IDEAS home Printed from https://ideas.repec.org/
MyIDEAS: Log in (now much improved!) to save this paper

Spatial effects on technical progress: growth, and convergence among countries

Listed author(s):
  • Fernando Barreiro-Pereira

    ()

This paper analyses how several spatial variables coming from cities and transportation system can affect money market, specially the income velocity of circulation, assuming an unit-elastic aggregate demand function and considering money velocity as a variable. Fluctuations in velocity caused by some spatial variables, under certain conditions, can affect the aggregate demand curve. The specification of the main relation-ship has found in the Baumol-Tobin model for transaction money demand, and in Christaller-Lösch central place theory. The estimation of the model has been based on panel data techniques and applied across 61 countries during 14 years in the 1978-1991 period. Theoretical and econometric results indicates that seven spatial variables like the country’s first city population, the population density, the passengers-kilometer transported by railways, and several ratios referred to some geographical variables, can provokes fluctuations on aggregate demand curve in the short run. In the long run, the aggregate supply can be also affected by means of these variables. In order to checking this question, considering that these spatial variables are not product factor, we propose to observe if these variables can affect the technological progress coefficient, A, concerning to an aggregate production function, according to a neo-classical growth model. Results by means of the Mankiw, Romer and Weil method, and also by means of an endogenous growth model of technology diffusion, indicates that some spatial variables affect the speed of convergence relative to the real per head income, across these 61 countries. However, a certain amount in some of these variables generates a congestion process in some countries. For checking it, we utilize a Barro and Sala i Martin endogenous growth model which reflects government activities. The concluding remarks indicates that some of these spatial variables above mentioned increases the speed of convergence but generates congestion in some countries. These spatial variables also affect the aggregate supply, and hence the price and output levels. Key words: transportation, regional growth, convergence, congestion. JEL Class.: R41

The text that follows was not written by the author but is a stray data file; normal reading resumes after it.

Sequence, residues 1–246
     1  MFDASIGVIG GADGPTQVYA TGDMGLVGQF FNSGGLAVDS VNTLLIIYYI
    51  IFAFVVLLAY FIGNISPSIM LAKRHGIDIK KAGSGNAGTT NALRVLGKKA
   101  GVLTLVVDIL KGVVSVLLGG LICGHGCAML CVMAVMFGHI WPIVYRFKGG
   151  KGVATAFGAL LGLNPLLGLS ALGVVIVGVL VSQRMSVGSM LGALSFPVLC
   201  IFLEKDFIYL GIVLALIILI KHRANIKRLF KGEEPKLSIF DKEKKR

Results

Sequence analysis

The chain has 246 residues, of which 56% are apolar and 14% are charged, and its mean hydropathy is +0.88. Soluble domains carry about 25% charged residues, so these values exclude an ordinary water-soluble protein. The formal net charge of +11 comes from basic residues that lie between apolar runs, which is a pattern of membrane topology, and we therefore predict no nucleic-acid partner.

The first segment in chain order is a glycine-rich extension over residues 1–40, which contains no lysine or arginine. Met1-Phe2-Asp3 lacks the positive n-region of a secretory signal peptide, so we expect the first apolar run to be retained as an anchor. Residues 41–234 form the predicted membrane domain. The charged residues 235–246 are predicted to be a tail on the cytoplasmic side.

If you experience problems downloading a file, check if you have the proper application to view it first. In case of further problems read the IDEAS help page. Note that these files are not on the IDEAS site. Please be patient as the files may be large.

File URL: http://www-sre.wu.ac.at/ersa/ersaconfs/ersa04/PDF/278.pdf
Download Restriction: no

Paper provided by European Regional Science Association in its series ERSA conference papers with number ersa04p278.

as
in new window

Length:
Date of creation: Aug 2004
Handle: RePEc:wiw:wiwrsa:ersa04p278
Contact details of provider: Postal:
Welthandelsplatz 1, 1020 Vienna, Austria

Web page: http://www.ersa.org

References listed on IDEAS
Please report citation or reference errors to , or , if you are the registered author of the cited work, log in to your RePEc Author Service profile, click on "citations" and make appropriate adjustments.:

as
in new window


  1. Gene M. Grossman & Elhanan Helpman, 1994. "Endogenous Innovation in the Theory of Growth," Journal of Economic Perspectives, American Economic Association, vol. 8(1), pages 23-44, Winter.